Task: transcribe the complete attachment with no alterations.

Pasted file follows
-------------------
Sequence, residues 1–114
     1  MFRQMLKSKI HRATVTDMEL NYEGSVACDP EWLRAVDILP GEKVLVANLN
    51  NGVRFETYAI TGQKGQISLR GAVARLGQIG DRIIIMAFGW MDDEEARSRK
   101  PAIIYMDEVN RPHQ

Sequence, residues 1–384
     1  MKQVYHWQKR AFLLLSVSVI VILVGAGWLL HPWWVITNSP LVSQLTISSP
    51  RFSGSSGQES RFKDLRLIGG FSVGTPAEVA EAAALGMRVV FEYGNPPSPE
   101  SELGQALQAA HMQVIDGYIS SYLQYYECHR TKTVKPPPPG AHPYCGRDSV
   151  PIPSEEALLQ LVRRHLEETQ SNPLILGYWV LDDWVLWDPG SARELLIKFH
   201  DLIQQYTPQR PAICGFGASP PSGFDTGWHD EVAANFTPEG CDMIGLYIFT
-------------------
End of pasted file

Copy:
Sequence, residues 1–114
     1  MFRQMLKSKI HRATVTDMEL NYEGSVACDP EWLRAVDILP GEKVLVANLN
    51  NGVRFETYAI TGQKGQISLR GAVARLGQIG DRIIIMAFGW MDDEEARSRK
   101  PAIIYMDEVN RPHQ

Sequence, residues 1–384
     1  MKQVYHWQKR AFLLLSVSVI VILVGAGWLL HPWWVITNSP LVSQLTISSP
    51  RFSGSSGQES RFKDLRLIGG FSVGTPAEVA EAAALGMRVV FEYGNPPSPE
   101  SELGQALQAA HMQVIDGYIS SYLQYYECHR TKTVKPPPPG AHPYCGRDSV
   151  PIPSEEALLQ LVRRHLEETQ SNPLILGYWV LDDWVLWDPG SARELLIKFH
   201  DLIQQYTPQR PAICGFGASP PSGFDTGWHD EVAANFTPEG CDMIGLYIFT